CONGRESSWOMAN ELISE STEFANIK
The House is scheduled to consider H.R. 2288, on Tuesday, May 18, 2010, under suspension of the rules, requiring a two-thirds majority vote for passage. H.R. 2288 was introduced on May 6, 2009, by Rep. John Salazar (D-CO) and referred to the Committee on Natural Resources, which held a mark-up and reported the bill, by voice vote, on December 16, 2009.
H.R. 2288 would reauthorize the appropriation of "such sums as are necessary" to continue the implementation of the endangered fish recovery programs for the Upper Colorado and San Juan River Basins from 2012 through 2023. Under current law (P.L. 106-392), the appropriation is set to expire on September 30, 2011.
In 2000, Congress passed H.R. 2348 to authorize funding for endangered fish recovery programs in the Upper Colorado and San Juan River Basins. The bill authorized the Bureau of Reclamation to use receipts collected by the Western Area Power Administration to provide base funding for the for the recovery programs. On March 11, 2009, the House passed S. 22, the Omnibus Public Land Management Act of 2009 by a vote of 282-144. The legislation authorized an additional $227 million implementing the endangered fish recovery programs for the Upper Colorado and San Juan River Basins up to year 2023. However, the bill did not authorize additional spending for "base funding."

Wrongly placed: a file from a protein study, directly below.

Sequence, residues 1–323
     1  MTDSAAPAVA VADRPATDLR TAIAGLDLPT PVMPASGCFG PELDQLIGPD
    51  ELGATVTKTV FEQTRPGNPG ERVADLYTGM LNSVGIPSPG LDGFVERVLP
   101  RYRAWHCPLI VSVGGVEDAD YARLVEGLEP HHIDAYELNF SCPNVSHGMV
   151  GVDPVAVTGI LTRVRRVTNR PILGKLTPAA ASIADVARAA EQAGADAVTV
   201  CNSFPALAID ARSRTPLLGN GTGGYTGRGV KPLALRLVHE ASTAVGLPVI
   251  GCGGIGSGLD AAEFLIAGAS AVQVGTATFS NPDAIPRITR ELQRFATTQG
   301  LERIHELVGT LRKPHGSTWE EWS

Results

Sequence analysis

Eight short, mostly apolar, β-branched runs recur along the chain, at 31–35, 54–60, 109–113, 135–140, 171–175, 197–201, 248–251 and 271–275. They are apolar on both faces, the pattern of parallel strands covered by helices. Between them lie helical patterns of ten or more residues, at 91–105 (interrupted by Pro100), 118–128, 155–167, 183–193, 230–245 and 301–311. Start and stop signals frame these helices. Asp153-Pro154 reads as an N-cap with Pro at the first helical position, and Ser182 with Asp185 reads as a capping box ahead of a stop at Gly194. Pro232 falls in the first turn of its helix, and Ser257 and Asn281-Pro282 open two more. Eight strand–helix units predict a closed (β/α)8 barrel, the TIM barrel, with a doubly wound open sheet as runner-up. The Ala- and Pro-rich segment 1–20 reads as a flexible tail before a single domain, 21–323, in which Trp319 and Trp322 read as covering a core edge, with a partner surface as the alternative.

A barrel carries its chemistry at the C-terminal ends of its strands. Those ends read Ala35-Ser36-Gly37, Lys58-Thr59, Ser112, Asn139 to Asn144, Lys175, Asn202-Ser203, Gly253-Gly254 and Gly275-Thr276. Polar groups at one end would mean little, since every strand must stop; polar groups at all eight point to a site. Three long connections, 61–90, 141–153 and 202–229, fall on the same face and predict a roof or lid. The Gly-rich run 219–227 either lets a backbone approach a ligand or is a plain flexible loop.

The underlying legislation authorizes such sums as may be necessary for additional funding for the project. CBO has estimated that the legislation will increase spending by $3 million a year between FY 2012 and 2015. However, CBO does not give a precise estimate for the cost between FY 2016 and FY 2023, saying only that the cost will range between $3 million and $4 million annually over that period. Therefore, according to CBO's estimate the legislation would cost a total of $48 million between FY 2012 and FY 2023. Some Members may be concerned that this legislation would authorize funding under this program for eleven years without a thorough CBO analysis of spending in the later years.
According to CBO, H.R. 2288 would cost $12 million over the FY 2010-2015 period. In addition, CBO estimates that the bill would cost "$3 million to $4 million a year for 2016 through 2023."